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New Mode of Corporate Governance: One-Tier Boards to be Introduced in Ukraine

Contents

  1. Ukrainian approach to one-tier board structure
  2. Composition as Distinct Feature
  3. More is not always better than less
  4. Rotation of Power
  5. Why to Choose One-Tier Board?
  6. Benefits of Two-Tier Board Structure
  7. How to Take Advantage of New Modes of Corporate Governance

Businesses all around the world face enormous challenges due to pandemic. Good governance is in demand like never before. Both public and private companies have recognized that corporate governance affects directly their financial performance and long-term development. The governments have seen the value in well-governed companies too, and thus they cooperate with business in updating corporate governance codes and reforming corporate law.

Andrew Oliinyk

Junior Associate at GOLAW

Following Ukrainian Code of Corporate Governance, Ukraine takes on overhauling its law on joint stock companies and on limited liability companies in the Bill No. 2493 (the “Bill”). One of the Bill’s major novelties is one-tier board structure. Thus, after the Bill will be adopted, Ukrainian companies will get a right to choose either one-tier or two-tier model and to switch from one to another.

The advantages of having a board in the company are obvious: it provides management with exclusive advice and protects shareholders by oversight of the management. The choice between the one-tier and two-tier model, however, is not straightforward. The shareholders establishing either type of board structure should consider the peculiarities of their business as well as the Ukrainian legal framework for corporate governance.

Ukrainian approach to one-tier board structure

One-tier or unitary board structure is innately a different mode of corporate governance of a company, which is widely accepted in the United Kingdom and United States of America. Unitary board substantially differs from two-tier or dual board structure in size, composition, and decision-making process.

In one-tier model, the managerial and supervisory powers are unified in single board of directors. Hence, decisions will be adopted and supervised by the same body. In the extant Ukrainian two-tier model, the management is separate from supervisory board. The supervisory board monitors the management severally, for example, by approving or consenting to its decisions.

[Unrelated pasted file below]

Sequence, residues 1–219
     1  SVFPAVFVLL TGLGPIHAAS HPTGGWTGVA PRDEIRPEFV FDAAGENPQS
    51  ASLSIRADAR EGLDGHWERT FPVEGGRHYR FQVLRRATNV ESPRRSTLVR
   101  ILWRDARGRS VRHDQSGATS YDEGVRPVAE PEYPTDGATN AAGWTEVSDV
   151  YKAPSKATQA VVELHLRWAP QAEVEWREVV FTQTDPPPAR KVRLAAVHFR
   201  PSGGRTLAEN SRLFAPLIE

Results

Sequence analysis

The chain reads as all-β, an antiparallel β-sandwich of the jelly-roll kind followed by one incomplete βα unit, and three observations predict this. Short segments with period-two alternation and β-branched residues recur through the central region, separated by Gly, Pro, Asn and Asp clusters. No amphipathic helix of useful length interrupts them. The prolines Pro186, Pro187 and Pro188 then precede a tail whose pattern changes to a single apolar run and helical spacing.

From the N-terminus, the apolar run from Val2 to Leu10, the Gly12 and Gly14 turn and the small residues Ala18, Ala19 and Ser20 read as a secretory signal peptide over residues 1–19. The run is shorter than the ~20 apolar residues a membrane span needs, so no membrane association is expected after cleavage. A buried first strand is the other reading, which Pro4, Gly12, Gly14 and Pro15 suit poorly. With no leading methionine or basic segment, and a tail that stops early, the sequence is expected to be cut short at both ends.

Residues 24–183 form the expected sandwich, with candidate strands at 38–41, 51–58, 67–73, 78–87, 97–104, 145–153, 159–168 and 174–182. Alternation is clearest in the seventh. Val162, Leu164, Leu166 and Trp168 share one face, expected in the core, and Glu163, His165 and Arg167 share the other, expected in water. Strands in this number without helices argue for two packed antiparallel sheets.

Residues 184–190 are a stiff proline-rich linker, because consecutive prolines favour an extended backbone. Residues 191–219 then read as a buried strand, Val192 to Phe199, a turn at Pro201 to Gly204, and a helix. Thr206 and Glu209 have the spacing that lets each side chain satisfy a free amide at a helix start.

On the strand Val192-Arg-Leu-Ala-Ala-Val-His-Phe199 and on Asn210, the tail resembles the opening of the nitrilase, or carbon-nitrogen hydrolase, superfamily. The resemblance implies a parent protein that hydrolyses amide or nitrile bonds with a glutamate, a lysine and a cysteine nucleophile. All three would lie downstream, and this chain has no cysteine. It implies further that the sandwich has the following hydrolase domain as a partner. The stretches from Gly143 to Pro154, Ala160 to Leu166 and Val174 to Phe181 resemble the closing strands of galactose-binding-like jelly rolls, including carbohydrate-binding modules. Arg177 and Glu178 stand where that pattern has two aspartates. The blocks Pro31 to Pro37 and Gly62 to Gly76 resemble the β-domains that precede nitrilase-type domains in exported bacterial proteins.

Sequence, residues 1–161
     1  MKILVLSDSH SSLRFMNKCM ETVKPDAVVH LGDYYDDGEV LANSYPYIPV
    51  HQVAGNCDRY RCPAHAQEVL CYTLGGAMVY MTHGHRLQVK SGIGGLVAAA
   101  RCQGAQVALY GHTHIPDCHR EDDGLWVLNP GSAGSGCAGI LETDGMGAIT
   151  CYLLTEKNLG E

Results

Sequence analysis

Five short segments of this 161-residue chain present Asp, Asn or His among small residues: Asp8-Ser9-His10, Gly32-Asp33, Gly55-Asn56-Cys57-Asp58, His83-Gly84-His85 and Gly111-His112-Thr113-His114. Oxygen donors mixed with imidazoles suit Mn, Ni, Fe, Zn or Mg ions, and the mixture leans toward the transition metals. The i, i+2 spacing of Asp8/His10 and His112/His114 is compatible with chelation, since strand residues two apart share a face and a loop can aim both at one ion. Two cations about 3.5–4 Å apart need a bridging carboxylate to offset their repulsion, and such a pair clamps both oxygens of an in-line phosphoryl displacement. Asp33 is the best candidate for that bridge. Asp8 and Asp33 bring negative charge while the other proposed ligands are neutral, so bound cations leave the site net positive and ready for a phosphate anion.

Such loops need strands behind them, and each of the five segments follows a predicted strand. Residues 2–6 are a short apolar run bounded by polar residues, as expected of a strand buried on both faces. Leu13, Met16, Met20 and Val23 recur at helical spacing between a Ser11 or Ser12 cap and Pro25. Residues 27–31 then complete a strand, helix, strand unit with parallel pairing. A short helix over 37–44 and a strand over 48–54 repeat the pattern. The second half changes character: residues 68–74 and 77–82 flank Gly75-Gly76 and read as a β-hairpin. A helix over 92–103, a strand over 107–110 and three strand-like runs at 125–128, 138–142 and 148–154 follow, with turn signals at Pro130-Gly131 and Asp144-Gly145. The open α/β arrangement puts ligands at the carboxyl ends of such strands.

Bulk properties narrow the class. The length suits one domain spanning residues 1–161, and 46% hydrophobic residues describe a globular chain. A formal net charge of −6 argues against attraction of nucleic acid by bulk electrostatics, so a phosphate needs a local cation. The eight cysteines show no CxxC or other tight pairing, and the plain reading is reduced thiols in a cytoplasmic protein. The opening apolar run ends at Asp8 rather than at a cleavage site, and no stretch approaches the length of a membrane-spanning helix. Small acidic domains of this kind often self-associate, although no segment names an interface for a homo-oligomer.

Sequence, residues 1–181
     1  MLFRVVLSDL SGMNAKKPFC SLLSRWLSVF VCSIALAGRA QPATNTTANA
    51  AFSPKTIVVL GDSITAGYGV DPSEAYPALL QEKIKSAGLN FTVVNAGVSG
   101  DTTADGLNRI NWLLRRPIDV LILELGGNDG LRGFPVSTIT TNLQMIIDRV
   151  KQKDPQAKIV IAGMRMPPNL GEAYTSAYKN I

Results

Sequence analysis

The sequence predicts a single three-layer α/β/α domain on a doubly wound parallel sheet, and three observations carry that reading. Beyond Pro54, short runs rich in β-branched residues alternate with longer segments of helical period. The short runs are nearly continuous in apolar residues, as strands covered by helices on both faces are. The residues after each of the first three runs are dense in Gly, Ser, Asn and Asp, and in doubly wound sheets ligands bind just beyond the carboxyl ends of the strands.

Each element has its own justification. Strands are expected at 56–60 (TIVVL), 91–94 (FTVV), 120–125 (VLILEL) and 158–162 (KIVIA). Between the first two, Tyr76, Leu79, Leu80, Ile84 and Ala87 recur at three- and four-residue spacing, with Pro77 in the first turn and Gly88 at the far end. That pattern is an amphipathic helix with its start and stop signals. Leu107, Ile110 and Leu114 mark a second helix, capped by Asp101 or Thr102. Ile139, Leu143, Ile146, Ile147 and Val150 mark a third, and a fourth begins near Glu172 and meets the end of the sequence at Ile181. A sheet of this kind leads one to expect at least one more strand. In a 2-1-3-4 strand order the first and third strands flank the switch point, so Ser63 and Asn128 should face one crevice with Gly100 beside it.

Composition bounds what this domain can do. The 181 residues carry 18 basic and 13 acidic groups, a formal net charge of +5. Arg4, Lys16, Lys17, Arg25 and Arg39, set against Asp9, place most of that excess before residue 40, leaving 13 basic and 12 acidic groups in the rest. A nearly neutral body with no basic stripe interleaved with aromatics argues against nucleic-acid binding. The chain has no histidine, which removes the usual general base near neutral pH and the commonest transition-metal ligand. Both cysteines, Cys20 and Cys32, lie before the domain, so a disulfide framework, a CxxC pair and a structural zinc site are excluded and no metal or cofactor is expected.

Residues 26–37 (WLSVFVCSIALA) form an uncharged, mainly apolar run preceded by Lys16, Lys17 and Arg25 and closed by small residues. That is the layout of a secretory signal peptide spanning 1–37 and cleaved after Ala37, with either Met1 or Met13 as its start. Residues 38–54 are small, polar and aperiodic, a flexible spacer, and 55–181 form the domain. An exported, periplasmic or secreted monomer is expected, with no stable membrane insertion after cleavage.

The legal framework proposed in the Bill offers investors the opportunity to establish unitary boards measured up to the best international practices.

Composition as Distinct Feature

Board of directors is composed of executive and non-executive members. In practice, board of directors includes CEO, Chairman and Independent Directors. Nowadays most board of directors’ executives include only CEO, who represents other officers of the company. The CEO also can hold concurrently the office of the Chairman. Non-executive members are professionals, which could be either independent from a company – Independent Directors, or affiliated with it, for example, be former company’s executives, auditors, shareholders.

International experience shows that businesses choose unitary boards with majority of Independent Directors. For example, 90 % of directors on the boards of the Fortune 500 companies are independent directors. Independent directors usually are former CEOs and corporate executives from other companies or professionals from financial, legal and consultancy fields.

More is not always better than less

One-tier boards on average have fewer members than two-tier boards. Although the number of members on a board depends on the size of a company, the consensus is that it should not exceed eight members. The Bill proposes that board of directors of joint stock companies shall have at least three members to be legitimate.

Firms with smaller boards tend to outperform similar firms with larger boards. Smaller unitary boards provide for better interpersonal relationships between the members that facilitate resolution of conflict and speeds up decision-making. In turn, non-executive directors find understanding with the management easier and faster.

Rotation of Power

The general shareholders meeting of a company will elect members of the board of directors. The Bill proposes to elect the board members for three years unless otherwise prescribed by the articles of association. The members also may stand for reelection for unlimited times. The suggested default term for members’ tenure exceeds widely accepted standard of annual mandate. The annual rotation of members is better governance practice, because it incentivizes production of tangible results in a short term.

The Bill allows to dismiss board members without convening general shareholders meeting for breach of fiduciary duties by directors, for conflict of interest or other grounds specified in the articles of association. Other grounds may include, for instance, mandatory retirement ages and limitation on reelections. Such criteria ensure that a company receives fresh ideas and expertise.